Sun Awareness Week takes place annually to remind Canadians to protect themselves from harmful UV radiation.

While the number of new cases of skin cancer continues to rise, it is one type of cancer that can be prevented by taking simple precautions:

Protect your skin

  • When the UV Index is 3 or higher, protect your skin as much as possible. In general, the UV Index in Canada can be 3 or higher from 11 a.m. to 3 p.m. between April and September, even if it's cloudy.
    • Seek shade or bring your own (e.g., an umbrella).
    • Wear clothing and a wide-brimmed hat that cover as much skin as possible, as appropriate to the activity and weather.
    • Use sunscreen labelled "broad spectrum" and "water-resistant" with a sun protection factor (SPF) of at least 30, on skin not covered by clothing. Apply sunscreen generously and reapply when required.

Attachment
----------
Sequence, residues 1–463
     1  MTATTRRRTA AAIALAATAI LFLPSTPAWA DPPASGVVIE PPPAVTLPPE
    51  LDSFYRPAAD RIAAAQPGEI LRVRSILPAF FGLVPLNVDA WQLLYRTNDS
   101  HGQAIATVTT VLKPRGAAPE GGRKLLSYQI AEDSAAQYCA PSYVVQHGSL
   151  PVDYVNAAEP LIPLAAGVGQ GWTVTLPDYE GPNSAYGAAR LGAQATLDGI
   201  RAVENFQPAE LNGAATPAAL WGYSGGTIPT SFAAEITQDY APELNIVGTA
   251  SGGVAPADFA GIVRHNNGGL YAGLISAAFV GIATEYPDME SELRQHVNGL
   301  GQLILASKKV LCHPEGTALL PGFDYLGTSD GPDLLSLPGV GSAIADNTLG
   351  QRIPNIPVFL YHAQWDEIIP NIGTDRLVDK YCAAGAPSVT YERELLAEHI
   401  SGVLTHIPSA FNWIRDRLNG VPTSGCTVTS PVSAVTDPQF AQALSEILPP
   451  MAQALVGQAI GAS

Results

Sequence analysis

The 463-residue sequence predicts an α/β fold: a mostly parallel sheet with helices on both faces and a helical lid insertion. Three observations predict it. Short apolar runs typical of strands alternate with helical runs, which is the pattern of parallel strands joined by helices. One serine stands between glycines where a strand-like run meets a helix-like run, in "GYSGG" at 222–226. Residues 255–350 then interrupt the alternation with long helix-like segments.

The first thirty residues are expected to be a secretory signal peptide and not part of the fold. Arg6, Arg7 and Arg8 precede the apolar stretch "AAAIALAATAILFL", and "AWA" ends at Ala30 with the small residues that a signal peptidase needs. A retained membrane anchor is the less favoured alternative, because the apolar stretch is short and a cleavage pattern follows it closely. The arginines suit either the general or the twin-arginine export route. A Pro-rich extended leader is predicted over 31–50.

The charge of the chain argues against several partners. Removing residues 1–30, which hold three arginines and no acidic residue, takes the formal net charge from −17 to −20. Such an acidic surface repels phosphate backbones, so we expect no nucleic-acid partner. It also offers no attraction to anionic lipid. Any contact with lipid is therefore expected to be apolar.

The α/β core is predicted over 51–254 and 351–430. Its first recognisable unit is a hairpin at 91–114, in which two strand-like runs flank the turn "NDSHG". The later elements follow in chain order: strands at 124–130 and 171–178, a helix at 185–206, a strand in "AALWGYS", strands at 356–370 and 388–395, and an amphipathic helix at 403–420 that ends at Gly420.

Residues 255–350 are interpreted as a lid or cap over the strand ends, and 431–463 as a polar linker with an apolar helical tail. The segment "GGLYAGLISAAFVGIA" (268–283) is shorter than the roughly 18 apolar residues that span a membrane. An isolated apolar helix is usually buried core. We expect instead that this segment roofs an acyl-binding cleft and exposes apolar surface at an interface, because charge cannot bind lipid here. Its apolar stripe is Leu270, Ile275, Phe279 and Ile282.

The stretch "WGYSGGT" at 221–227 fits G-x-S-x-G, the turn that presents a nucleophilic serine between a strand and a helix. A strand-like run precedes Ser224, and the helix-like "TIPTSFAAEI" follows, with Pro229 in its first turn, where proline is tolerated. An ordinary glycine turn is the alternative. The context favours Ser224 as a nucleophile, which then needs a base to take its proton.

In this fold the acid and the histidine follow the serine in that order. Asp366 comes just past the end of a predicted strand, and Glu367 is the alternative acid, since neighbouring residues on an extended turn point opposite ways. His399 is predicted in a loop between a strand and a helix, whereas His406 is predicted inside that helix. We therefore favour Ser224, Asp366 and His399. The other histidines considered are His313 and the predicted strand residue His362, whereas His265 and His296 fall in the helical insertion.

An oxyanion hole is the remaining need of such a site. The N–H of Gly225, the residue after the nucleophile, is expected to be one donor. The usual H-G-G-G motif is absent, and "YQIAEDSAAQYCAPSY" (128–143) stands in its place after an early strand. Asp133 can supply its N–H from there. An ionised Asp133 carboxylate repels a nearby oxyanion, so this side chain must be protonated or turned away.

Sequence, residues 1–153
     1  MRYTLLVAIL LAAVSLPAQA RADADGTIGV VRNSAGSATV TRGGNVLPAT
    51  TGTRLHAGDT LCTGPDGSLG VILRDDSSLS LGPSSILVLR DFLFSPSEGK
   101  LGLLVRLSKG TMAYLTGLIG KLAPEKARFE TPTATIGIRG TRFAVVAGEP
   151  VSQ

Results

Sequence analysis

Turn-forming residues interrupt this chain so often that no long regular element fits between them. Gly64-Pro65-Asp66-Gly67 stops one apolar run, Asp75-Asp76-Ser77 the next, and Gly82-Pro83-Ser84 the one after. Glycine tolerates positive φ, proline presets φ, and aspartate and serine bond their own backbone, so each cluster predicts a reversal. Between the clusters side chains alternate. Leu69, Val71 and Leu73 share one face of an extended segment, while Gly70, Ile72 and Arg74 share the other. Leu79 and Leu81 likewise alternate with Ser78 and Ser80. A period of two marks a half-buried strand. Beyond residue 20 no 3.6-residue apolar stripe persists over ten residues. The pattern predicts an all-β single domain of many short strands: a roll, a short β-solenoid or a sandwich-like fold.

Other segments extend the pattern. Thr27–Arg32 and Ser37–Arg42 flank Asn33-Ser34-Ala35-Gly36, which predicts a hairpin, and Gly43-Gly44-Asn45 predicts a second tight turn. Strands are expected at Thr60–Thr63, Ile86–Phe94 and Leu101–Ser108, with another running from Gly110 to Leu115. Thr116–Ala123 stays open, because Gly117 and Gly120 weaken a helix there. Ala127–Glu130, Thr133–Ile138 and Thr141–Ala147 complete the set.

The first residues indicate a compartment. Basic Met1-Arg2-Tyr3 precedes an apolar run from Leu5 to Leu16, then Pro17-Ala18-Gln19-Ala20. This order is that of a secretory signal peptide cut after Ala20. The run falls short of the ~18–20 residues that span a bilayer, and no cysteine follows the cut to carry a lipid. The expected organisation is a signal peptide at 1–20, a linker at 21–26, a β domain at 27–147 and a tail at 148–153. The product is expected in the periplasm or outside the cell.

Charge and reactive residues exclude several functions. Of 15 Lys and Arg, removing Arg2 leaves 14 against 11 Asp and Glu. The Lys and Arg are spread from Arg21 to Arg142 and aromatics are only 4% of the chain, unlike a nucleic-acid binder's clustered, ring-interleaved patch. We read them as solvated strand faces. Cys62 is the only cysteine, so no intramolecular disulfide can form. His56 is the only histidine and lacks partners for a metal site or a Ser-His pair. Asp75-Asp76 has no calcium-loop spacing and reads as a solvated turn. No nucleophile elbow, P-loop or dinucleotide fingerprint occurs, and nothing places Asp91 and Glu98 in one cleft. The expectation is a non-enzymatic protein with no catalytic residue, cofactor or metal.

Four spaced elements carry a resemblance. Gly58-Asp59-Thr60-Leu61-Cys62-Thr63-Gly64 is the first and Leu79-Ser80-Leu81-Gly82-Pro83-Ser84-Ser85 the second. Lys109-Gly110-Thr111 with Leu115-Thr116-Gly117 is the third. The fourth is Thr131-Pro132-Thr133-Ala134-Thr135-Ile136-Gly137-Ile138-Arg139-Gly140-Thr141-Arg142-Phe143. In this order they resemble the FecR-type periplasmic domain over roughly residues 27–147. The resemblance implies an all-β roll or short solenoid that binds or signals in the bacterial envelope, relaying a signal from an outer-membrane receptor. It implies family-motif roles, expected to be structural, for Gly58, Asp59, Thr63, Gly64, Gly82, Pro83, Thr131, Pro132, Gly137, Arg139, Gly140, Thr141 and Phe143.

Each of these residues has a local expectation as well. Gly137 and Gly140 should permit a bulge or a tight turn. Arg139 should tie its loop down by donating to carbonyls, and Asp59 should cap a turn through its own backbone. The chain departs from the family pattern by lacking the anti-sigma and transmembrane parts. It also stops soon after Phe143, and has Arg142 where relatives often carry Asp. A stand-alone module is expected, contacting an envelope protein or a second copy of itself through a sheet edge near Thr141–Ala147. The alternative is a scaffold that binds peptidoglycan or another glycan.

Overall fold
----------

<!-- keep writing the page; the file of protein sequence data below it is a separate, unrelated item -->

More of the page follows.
• Don't use UV tanning equipment or deliberately try to get a suntan, and avoid getting a sunburn.

Protect your eyes

  • Wear sunglasses or prescription eyeglasses with UV-protective lenses.
  • Wear a wide-brimmed hat for added eye protection.

Sun Awareness Week

The Canadian Dermatology Association has organized the nation-wide early summer Sun Awareness Week since 1989. The aim is to educate Canadians about the dangers of too much sun and to help stop the rising incidence of skin cancer in Canada. This year's Sun Awareness Week is Monday, June 6 to Sunday, June 12, and consists of a number of events and activities across Canada, including free skin cancer screenings, community events, and school visits by dermatologists.

About the CDA